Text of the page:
(1) Do the proposed changes involve a significant increase in the probability or consequences of an accident previously evaluated?

Response: No.

The proposed amendment will change the Prairie Island Nuclear Generating Plant licensing basis by allowing use of the Generation of Thermal-Hydraulic Information for Containment, Version 7.1patch1, to model containment response for loss of coolant accident (LOCA) and main steam line break (MSLB) accidents.

The containment is not an accident initiator, thus changing the containment modeling methodology does not increase the probability of an accident. This license amendment proposes to use a new methodology for modeling containment response analyses following an accident inside containment involving release of steam and water. This amendment does not alter the nuclear reactor core or reactor coolant system equipment, nor does it alter the methods or equipment used directly in mitigation of an accident. Thus radioactive releases inside containment due to an accident and radioactive releases from containment are not affected by the proposed change in analysis methodology. As discussed in Exhibits C and D, the Gothic 7 sample results for the LOCA and MSLB transients predicted that the containment would remain below design pressure for both cases. Therefore, this change does not increase the consequences of an accident previously evaluated.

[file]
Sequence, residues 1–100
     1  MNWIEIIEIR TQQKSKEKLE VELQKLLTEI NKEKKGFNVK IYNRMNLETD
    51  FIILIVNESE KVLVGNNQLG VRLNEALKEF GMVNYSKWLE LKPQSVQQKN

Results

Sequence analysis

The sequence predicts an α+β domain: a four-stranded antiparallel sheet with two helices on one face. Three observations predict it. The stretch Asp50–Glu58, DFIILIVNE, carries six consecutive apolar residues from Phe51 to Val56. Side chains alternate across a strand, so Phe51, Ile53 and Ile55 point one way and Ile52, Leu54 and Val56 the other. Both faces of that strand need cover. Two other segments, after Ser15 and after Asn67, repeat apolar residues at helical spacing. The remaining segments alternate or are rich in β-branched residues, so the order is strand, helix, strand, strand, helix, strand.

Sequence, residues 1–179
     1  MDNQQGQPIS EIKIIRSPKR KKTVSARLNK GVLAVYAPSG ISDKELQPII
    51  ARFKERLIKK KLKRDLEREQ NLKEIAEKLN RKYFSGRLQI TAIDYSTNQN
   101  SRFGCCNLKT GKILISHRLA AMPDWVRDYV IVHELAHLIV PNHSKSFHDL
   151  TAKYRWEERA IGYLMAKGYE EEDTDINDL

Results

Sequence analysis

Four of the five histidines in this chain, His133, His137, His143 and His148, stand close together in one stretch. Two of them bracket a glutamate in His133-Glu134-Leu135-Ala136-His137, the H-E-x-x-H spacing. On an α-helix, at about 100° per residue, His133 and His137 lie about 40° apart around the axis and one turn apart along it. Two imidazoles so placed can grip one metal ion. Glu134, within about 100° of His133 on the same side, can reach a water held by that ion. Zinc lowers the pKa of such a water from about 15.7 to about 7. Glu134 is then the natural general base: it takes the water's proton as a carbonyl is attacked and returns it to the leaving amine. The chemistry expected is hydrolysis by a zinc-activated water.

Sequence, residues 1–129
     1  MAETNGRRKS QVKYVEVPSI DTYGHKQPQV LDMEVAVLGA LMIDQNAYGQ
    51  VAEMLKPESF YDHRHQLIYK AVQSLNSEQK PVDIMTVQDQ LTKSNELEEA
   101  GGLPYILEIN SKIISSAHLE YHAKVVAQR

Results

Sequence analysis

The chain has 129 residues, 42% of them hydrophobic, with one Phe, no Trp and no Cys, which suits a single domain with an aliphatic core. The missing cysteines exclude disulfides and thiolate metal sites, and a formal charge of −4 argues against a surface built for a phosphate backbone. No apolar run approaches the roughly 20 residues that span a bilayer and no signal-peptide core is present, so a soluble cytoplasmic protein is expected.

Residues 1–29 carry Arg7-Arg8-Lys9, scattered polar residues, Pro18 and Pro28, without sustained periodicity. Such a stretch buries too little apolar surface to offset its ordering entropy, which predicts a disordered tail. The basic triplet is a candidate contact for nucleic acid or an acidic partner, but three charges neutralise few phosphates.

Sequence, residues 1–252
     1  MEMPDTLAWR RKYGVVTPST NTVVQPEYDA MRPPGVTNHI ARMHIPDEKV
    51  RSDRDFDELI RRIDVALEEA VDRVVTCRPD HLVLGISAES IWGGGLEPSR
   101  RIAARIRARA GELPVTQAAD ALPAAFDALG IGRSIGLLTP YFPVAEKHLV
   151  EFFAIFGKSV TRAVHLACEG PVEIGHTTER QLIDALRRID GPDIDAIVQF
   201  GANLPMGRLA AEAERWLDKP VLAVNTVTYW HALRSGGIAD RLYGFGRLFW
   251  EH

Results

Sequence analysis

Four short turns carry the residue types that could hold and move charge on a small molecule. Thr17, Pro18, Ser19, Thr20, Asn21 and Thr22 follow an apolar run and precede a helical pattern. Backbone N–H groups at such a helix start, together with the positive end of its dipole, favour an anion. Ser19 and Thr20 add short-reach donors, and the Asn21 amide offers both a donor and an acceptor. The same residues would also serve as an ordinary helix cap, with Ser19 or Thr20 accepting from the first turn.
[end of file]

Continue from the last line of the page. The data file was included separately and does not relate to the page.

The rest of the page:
Therefore, the proposed changes do not involve a significant increase in the probability or consequences of an accident previously evaluated.

(2) Do the proposed changes create the possibility of a new or different kind of accident from any accident previously evaluated.

Response: No.

The proposed amendment will change the Prairie Island Nuclear Generating Plant licensing basis by allowing use of the Generation of Thermal-Hydraulic Information for Containment, Version 7.1patch1, to model containment response for LOCA and MSLB accidents.